I've enjoyed the Jesse Stone mysteries, although the ones based on Robert B Parker's novels are stronger than the ones that come after. The acting is terrific and the stories manage to bypass a pet peeve of mine: the cop who breaks the law to get his job done.

John Nettles, who stars in 'Midsommer Murders' had a long running mystery series before MM. It's called 'Bergerac' and set in the Channel Islands. It's quite fun.

You should also check out 'Inspector George Gently'. It is another that's set in the '60s--northern England. It stars Martin Shaw. And I admit that I will watch just about anything that he stars in. Definitely not a cozy--very gritty and I often wished for subtitles as the dialect can get a bit thick.

Looking forward to your take on 'Ripper Street' . My husband got hooked on that last year.

I've liked _Gently_ too, some interesting stuff in terms of the transition from the England of WWII and rationing to the modern.

I really enjoy the Lewis series - much more than Morse. I watched everything that Amazon Prime had up, and was sorry when the last episode was over. Endeavor is enjoyable, too, but is second to Lewis for me.

I adore Jim Hutton, and loved the Ellery Queen series when it was on. I enjoyed Nero Wolfe, too, and have the DVDs for that.

I watched one episode of Whitechapel, and will probably watch more at some point as long as it's on Amazon Prime, but it didn't grab me as much as I had hoped.

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I like Endeavour well enough (though the whole Giant Masonic Conspiracy thing pings bizarrely for an American), but I just don't believe that the character is the same person we saw in Morse. Morse was far too self-centered (not as a horrible person, but in small petty ways) and arrogant, and my experience of people is that those are traits that show up early. So I didn't really buy that the shy, sensitive type they are presenting Endeavour as was Morse.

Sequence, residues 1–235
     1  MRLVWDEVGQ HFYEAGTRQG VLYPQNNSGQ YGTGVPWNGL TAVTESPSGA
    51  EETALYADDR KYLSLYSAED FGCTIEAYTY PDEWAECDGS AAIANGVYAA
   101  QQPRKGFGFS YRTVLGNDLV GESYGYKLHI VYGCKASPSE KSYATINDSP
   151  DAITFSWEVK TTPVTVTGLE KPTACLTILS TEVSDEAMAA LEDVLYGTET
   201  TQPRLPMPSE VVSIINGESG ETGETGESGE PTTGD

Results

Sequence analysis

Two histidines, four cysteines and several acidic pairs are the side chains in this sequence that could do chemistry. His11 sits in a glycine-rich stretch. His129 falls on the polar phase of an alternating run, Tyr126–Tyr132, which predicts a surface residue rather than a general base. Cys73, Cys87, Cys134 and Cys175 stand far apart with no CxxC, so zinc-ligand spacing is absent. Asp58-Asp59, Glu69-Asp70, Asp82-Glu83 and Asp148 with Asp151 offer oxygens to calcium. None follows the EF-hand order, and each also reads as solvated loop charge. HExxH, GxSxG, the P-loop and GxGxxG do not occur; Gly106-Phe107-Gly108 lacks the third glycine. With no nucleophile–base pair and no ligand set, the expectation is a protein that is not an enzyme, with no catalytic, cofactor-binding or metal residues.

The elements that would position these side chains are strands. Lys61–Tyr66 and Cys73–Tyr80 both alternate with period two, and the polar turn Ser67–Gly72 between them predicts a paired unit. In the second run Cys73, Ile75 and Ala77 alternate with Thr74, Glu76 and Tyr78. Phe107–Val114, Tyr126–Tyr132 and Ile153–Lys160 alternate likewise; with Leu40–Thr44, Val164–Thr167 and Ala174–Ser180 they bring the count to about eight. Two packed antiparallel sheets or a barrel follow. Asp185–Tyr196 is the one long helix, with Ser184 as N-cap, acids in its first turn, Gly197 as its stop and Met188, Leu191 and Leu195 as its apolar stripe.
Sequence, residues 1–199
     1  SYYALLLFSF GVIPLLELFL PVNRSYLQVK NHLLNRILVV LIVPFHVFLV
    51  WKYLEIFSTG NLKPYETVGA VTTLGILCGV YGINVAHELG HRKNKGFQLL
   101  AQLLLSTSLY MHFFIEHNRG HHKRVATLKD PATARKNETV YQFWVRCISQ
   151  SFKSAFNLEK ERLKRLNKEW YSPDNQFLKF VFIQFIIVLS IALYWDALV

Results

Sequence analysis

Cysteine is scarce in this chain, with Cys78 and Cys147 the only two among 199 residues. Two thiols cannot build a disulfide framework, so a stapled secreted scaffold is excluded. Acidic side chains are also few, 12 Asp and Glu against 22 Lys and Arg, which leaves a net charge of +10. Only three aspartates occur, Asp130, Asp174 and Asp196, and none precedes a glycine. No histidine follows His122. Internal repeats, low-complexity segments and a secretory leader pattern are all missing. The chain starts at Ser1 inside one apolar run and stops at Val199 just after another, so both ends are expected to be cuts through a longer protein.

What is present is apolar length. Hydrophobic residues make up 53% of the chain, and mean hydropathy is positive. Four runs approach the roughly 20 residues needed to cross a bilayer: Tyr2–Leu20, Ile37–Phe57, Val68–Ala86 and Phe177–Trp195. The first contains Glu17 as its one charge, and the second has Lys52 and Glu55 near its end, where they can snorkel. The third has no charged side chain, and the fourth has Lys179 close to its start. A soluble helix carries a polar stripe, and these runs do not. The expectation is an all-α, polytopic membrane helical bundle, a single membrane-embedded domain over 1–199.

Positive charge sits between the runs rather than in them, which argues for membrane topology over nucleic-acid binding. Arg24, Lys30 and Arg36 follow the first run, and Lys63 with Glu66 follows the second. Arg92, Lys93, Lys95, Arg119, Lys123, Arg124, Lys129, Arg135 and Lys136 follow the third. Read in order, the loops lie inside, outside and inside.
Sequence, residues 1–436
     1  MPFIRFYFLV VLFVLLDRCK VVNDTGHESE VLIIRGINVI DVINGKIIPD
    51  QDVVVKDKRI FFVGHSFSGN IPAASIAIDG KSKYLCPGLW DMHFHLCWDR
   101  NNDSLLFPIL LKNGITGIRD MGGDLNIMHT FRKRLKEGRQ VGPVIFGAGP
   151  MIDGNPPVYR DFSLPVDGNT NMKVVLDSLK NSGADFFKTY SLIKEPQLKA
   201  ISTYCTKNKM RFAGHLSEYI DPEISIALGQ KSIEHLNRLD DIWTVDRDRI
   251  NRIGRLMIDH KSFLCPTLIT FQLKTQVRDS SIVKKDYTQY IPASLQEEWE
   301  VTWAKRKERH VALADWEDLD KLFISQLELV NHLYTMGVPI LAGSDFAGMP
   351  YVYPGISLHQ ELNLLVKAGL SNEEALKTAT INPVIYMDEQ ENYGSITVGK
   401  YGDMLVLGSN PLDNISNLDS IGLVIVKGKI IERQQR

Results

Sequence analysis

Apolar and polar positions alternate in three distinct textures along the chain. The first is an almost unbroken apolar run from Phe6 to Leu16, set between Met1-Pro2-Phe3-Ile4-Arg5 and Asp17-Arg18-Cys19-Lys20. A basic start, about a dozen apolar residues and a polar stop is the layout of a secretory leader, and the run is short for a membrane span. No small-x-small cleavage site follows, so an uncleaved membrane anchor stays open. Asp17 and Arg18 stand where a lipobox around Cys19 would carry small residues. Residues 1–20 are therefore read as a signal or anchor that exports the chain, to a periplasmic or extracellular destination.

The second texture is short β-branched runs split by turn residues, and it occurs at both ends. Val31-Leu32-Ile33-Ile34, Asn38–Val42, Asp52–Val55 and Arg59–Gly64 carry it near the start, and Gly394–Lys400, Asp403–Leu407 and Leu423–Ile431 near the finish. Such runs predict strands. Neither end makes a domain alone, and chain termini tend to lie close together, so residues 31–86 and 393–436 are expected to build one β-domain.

Also, Whitechapel was okay the first season, but I tried the second season and well, my suspension of disbelief just snapped. I could believe that for one specific case the history of a Victorian crime could be significant, but not repeatedly.

Edited at 2014-07-14 07:24 pm (UTC)

I honestly don't know how good the *mysteries* are, but I just adore Taggart. It's set in Glasgow, and for USians, it may take an episode or two for your ears to tune in to the accents. It ran for a zillion (okay, 28) years and survived several major cast changes.

The American Touching Evil which starred Jeffrey Donovan (Burn Notice) was also quite good.